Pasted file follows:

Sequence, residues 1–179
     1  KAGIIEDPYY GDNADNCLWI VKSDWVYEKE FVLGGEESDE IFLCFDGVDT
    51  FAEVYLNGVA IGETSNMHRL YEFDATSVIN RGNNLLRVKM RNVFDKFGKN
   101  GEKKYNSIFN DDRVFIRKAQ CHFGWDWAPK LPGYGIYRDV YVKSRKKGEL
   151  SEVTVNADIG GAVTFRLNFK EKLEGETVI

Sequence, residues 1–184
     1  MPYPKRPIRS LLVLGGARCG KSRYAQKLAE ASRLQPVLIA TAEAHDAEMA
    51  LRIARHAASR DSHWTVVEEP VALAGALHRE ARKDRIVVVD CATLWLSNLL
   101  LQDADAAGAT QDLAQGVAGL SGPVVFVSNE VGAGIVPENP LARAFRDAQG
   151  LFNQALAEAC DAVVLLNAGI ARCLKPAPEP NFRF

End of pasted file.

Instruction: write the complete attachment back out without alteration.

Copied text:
Sequence, residues 1–179
     1  KAGIIEDPYY GDNADNCLWI VKSDWVYEKE FVLGGEESDE IFLCFDGVDT
    51  FAEVYLNGVA IGETSNMHRL YEFDATSVIN RGNNLLRVKM RNVFDKFGKN
   101  GEKKYNSIFN DDRVFIRKAQ CHFGWDWAPK LPGYGIYRDV YVKSRKKGEL
   151  SEVTVNADIG GAVTFRLNFK EKLEGETVI

Sequence, residues 1–184
     1  MPYPKRPIRS LLVLGGARCG KSRYAQKLAE ASRLQPVLIA TAEAHDAEMA
    51  LRIARHAASR DSHWTVVEEP VALAGALHRE ARKDRIVVVD CATLWLSNLL
   101  LQDADAAGAT QDLAQGVAGL SGPVVFVSNE VGAGIVPENP LARAFRDAQG
   151  LFNQALAEAC DAVVLLNAGI ARCLKPAPEP NFRF